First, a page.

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# Non-Euclidean Geometry

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By Gabriel Xu, VI Form

Non-Euclidean Geometry

What if math students no longer had to study similar triangles because they simply don’t exist?

What if you could draw as many lines parallel as you want to a given line from only one point?

What if angle-angle-angle was enough to prove congruence of triangles?

Would these changes to our known geometric system finally make it easier, or would they  further contribute to its fascinatingly intricate nature?

Studying Non-Euclidean Geometry aims to answer these questions.

The class began by learning the first two books of Euclid’s Elements, where the Greek mathematician lays the foundation of (Euclidean) geometry from five postulates. With a straight-edge (a ruler without a scale) and a compass, Euclid managed to develop a world of geometry from two simple shapes — lines and circles. It has become clear to us that Euclid must have paid particular attention to the order of his constructions and proofs as most of which were built upon previously constructed shapes and proven theorems. From the congruence of triangles to the Pythagorean Theorem, the system of geometry we were ever so familiar with expanded in front of us in its purest and most fundamental form.

And then, things got interesting.

After we grew accustomed to Euclid’s way of constructions and proofs, we were introduced to a much stranger world of Non-Euclidean geometry. The fifth and last postulate in the Elements is equivalent to the notion that, from a given point, there is one and only one line parallel to any given line. Generations of mathematicians have devoted themselves to prove this seemingly obvious postulate, but all have failed. Coincidentally or not, Euclid did not make use of the last postulate in his work until the later part of Book I in Elements. His reluctance to take advantage of the parallel postulate when it could have simplified his proofs has sparked questions to his own certainty of said postulate as well.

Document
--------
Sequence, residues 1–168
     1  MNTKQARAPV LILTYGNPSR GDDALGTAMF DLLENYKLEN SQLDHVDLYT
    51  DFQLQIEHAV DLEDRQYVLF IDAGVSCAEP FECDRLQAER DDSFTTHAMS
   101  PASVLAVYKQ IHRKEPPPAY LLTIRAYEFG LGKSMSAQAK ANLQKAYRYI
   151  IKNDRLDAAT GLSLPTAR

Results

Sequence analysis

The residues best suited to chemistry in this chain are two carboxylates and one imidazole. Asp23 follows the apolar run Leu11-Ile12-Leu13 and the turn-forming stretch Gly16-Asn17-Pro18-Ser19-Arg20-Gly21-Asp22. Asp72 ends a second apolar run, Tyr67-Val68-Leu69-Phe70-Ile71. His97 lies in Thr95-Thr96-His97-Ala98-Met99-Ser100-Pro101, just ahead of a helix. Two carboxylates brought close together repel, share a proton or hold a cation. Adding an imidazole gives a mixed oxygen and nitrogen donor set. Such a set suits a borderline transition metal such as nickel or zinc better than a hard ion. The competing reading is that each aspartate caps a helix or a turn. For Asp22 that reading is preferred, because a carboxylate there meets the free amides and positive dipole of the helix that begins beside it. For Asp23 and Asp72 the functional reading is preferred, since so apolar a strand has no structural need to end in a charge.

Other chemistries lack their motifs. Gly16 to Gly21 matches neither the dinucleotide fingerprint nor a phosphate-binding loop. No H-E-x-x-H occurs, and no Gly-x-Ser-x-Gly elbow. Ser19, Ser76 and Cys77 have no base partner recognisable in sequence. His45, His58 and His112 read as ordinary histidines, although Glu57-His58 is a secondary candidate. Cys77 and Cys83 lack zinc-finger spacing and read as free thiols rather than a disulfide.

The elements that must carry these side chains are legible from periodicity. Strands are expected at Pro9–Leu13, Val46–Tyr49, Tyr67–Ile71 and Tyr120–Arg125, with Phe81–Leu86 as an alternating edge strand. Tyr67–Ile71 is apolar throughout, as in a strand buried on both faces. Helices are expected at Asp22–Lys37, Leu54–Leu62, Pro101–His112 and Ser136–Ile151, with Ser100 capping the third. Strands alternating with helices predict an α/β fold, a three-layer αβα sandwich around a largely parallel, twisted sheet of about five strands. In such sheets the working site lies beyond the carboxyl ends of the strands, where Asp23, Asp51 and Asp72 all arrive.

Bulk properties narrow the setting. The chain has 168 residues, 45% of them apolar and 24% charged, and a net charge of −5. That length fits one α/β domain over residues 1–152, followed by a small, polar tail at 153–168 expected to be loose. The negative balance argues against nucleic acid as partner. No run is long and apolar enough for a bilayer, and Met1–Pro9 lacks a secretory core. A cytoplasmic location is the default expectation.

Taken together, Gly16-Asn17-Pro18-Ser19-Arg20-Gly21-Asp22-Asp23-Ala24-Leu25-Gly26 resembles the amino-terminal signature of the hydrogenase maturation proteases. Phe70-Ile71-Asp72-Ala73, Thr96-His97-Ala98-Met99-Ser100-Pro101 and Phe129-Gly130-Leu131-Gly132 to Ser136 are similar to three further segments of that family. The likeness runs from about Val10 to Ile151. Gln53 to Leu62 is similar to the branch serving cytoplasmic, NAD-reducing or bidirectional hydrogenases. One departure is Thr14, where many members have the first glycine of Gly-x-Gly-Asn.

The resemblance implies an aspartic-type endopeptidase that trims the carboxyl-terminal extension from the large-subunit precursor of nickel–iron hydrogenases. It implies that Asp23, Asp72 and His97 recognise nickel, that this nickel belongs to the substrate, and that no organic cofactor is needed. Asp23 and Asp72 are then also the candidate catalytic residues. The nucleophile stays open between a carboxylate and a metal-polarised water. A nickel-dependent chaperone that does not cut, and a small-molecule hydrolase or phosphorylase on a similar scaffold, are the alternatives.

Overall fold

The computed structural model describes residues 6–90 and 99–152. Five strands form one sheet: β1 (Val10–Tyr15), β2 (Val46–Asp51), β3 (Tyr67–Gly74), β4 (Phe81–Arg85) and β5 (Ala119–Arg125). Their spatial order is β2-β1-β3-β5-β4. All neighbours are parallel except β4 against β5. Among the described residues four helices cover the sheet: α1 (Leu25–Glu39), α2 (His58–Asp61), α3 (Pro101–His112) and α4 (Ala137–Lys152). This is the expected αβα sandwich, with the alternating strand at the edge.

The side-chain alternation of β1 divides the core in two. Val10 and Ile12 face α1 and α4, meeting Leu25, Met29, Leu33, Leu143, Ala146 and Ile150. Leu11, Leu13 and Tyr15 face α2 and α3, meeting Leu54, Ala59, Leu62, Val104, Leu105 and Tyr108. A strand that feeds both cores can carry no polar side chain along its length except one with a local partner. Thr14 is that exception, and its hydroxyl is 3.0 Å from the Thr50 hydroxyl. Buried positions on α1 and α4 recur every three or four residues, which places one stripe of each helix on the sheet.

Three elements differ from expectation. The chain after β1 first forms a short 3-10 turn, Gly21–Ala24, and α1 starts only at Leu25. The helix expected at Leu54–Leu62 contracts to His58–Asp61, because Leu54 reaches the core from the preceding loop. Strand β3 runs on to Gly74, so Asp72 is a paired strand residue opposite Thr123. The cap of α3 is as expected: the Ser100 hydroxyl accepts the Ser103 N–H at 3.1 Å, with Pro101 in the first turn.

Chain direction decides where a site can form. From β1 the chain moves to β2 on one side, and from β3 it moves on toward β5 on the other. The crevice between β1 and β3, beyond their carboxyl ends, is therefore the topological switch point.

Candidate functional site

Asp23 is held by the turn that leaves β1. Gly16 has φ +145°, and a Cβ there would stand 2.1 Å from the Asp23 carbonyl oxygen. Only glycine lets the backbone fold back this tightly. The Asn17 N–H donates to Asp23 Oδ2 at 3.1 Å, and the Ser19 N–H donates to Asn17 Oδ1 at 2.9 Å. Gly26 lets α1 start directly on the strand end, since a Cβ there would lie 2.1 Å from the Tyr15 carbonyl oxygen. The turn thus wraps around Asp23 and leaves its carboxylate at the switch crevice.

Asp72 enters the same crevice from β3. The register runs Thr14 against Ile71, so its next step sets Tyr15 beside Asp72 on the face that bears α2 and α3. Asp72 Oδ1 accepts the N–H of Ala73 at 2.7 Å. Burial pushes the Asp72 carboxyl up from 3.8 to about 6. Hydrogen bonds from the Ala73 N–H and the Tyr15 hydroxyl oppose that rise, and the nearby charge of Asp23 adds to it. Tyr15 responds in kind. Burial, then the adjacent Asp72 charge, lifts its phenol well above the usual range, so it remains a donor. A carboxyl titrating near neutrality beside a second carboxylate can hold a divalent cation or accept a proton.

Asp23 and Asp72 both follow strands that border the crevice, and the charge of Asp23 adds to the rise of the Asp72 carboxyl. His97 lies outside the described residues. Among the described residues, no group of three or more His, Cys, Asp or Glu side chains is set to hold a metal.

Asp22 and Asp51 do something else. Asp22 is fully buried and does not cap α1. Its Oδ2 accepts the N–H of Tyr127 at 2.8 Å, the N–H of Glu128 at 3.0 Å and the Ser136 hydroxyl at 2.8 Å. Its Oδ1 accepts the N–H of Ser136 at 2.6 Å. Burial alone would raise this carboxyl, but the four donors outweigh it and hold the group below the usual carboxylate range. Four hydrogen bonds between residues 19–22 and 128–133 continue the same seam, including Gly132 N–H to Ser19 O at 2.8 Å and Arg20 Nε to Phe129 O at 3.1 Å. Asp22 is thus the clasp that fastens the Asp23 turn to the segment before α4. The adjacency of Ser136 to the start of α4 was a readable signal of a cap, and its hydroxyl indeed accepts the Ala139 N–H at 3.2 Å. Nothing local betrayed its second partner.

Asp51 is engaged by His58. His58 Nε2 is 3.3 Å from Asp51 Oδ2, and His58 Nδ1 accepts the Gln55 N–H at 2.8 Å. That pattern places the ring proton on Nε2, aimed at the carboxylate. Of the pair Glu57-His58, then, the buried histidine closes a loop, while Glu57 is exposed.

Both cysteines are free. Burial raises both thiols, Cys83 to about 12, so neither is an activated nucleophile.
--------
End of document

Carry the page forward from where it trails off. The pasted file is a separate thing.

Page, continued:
Non-Euclidean geometry has been developed assuming that the fifth postulate is false. Rather ironically, this system was first built in order to indirectly prove the fifth postulate — by trying to find an error or contradiction that would result from such an assumption. However, as the system evolves, the much anticipated contradiction never appears, and all the work done under the indirect proof can therefore be seen as the cornerstone of the newly-developed structure. The class was surprised at how much we took for granted collapsed once one postulate was taken out. For example, the constant angle sum of 180 degrees (or two-right-angles, as there is no concept of “degree” in Non-Euclidean geometry) for any triangle, which seems perfectly irrelevant to the parallel postulate, will no longer hold true outside the Euclidean plane. In the hyperbolic plane (where there can be more than one parallel line drawn from any given point to a given line), the angle sums of triangles are distinctive and all under 180 degrees. The domino effect continues, with the external angle of a triangle no longer equal to the sum of the two alternative angles; the concept of similar triangles collapses completely; and suddenly, angle-angle-angle is enough to prove congruence in triangles.